Here are excerpts from Wisconsin governor Scott Walker’s prepared remarks that he’ll deliver tonight at a dinner at CPAC in Washington, D.C. (Walker’s staff insists that the governor frequently deviates from prepared remarks.)
On President Obama challenging him:
We kept our promises. One of those promises was to limit the size of government and to have the government serve the people - and not the other way around. I promised to empower the taxpayer - instead of a handful of big government union bosses.
Liberals find that hard to understand, which is why the President went after me on this issue last year.
So I responded to the President during my daily 5:00 pm press conference. My comments were simple, I said: “I’m sure that the President of the United States must know that most federal government employees do not have collective bargaining for wages and benefits. I’m sure he must know that. And I’m sure that the President must know that the average federal government employee is paying about 28% of their health insurance premium (which is double what I am asking state and local employees to pay in Wisconsin.). Because I’m sure that the President of the United States is not getting his talking points from the big government union bosses in Washington.” That was the last we heard from the President on this matter - because the facts are on our side.
On Wisconsin vs. Illinois:
On the very first day we took office, I called the state legislature into a special session on jobs. In the first month or so, we lowered the tax burden on job creators and entrepreneurs; we passed major regulatory reform to cut through the bureaucratic red tape; we passed some of the most aggressive tort reform in the country to stop frivolous law suits and we repealed the state tax on health savings accounts.
We showed that when we say “Wisconsin is open for business”, we mean it….Contrast that with my neighbor to the south. There is no greater example of the failed policies we are running against than the mess we see in Illinois.
Last year, Governor Quinn proudly proclaimed that they were not going to do things like Wisconsin. Clearly, they did not. Their actions only made matters worse...
On the recall election:
So why am I facing a recall election?
Simple: the big government union bosses from Washington want their money. They don’t like the fact that I did something fundamentally pro-worker; something that’s truly about freedom. I gave every one of the nearly 300,000 hard-working public servants in my state the right to choose. Now, each of them gets to determine whether they want to be in a union or not; and the unions can no longer automatically deduct dues from their paycheck. … The big government union bosses are worried that workers may actually choose to keep the money for themselves. That’s why the big government union bosses spent tens of millions last summer to try and win the six state senate recall elections in Wisconsin. In fact, the total amount spent by all parties was over $40 million.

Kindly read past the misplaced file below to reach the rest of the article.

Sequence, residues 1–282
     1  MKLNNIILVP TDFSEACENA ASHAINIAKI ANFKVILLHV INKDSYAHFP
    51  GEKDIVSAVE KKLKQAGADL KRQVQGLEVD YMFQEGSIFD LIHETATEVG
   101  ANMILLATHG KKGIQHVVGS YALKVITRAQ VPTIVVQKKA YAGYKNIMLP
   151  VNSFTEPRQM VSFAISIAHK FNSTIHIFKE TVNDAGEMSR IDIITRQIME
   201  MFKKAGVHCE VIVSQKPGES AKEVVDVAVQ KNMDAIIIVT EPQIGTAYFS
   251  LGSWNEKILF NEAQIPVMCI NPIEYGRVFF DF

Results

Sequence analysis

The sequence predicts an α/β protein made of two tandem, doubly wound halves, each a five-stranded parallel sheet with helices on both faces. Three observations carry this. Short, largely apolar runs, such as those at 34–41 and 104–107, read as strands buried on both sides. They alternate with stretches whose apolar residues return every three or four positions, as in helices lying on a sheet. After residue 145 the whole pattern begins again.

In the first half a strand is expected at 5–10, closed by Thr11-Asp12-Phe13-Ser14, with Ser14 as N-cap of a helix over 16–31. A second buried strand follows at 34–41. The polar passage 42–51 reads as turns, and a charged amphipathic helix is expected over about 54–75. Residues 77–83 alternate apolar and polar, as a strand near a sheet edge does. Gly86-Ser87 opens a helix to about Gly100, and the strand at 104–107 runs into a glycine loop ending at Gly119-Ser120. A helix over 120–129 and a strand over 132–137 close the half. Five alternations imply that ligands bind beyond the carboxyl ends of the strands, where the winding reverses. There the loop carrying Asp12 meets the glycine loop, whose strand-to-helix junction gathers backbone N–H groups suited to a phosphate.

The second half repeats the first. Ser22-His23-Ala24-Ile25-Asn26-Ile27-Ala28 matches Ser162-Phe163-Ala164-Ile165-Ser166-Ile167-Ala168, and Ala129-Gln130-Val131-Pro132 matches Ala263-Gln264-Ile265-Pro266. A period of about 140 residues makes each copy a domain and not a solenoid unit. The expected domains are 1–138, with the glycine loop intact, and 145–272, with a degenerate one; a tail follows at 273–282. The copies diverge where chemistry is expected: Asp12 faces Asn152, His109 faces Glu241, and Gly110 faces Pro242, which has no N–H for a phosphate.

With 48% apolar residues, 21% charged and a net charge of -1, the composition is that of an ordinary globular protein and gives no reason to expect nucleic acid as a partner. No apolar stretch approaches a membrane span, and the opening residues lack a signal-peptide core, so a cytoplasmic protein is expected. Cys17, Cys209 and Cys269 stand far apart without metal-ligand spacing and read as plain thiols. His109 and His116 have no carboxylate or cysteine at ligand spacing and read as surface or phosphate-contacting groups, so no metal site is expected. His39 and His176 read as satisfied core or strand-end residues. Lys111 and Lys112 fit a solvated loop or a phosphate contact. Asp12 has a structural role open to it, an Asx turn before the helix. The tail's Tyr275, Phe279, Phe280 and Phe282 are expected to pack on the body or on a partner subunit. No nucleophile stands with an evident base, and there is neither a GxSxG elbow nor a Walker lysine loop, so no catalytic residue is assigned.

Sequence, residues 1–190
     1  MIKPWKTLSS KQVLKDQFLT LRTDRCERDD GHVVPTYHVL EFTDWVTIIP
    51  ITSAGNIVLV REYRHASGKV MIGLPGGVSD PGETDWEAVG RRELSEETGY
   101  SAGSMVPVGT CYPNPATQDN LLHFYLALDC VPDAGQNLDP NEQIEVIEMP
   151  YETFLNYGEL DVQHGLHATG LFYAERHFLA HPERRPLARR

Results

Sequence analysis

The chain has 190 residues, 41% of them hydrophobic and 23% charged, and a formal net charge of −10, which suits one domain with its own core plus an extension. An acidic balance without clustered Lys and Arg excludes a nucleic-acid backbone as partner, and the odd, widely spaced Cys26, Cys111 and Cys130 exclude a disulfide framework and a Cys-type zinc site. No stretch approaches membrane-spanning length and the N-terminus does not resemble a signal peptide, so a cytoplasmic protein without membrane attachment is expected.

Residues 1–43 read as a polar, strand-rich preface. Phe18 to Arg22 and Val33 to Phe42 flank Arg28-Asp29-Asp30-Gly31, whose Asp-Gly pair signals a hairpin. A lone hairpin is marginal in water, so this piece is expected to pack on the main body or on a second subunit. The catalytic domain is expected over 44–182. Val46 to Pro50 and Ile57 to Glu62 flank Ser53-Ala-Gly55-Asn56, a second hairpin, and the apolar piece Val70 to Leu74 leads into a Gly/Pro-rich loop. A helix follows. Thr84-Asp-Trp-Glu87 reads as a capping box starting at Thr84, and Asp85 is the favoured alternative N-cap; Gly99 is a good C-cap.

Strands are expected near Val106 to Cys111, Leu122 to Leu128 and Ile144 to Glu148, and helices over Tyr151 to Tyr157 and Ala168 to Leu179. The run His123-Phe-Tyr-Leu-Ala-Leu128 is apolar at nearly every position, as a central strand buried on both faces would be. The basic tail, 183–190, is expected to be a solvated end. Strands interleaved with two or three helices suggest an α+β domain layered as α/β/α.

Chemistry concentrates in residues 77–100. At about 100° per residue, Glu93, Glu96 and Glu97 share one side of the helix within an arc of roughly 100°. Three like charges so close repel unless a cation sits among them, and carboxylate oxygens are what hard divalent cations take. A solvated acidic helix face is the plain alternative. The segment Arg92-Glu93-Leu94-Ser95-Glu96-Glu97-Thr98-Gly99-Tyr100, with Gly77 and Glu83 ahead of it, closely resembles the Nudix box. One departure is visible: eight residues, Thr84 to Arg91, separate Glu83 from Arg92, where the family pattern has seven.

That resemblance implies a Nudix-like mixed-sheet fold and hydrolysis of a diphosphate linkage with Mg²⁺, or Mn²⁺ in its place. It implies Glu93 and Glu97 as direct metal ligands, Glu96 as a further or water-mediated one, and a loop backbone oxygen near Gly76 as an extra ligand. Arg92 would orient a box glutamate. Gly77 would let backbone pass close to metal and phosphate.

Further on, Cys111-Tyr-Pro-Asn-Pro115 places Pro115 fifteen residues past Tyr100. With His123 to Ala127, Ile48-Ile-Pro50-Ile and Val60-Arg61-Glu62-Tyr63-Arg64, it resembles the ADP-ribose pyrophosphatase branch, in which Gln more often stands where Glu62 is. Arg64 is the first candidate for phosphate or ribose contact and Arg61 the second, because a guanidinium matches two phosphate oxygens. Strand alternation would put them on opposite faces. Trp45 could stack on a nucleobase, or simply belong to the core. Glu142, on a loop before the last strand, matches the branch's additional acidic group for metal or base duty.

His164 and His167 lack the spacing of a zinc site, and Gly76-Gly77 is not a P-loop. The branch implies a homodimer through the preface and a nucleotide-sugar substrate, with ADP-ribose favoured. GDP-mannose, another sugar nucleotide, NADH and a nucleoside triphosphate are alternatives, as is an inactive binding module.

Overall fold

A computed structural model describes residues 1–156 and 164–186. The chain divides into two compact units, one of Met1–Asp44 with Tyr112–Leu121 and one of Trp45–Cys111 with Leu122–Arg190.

This election is ultimately about courage. When we prevail, it will send a powerful message – not only in Madison but in Springfield and St. Paul; Columbus and Austin; and in state houses all across America. Most of all, it will send a message in the halls of Congress.
When we win, it will tell every politician in America that if you are bold, if you do the right thing, if you tackle the tough issues, there will be people standing there right with you.
And Lord help us if we lose. If we lose, I believe that it will set acts of courage in politics back at least a decade if not a generation. This is why we must not lose.
On the role of government:
For years, there has been a false choice between raising taxes or cutting core services. Few, if any, adopt that mindset in the private sector. If you own a business, you certainly don’t look to double the price of your product or your customers will run to your competitor. Similarly, you don’t cut the quality of your product in half or you will see those same customers quickly lose faith in your product as well. Instead, people outside of government routinely find ways to make things work better.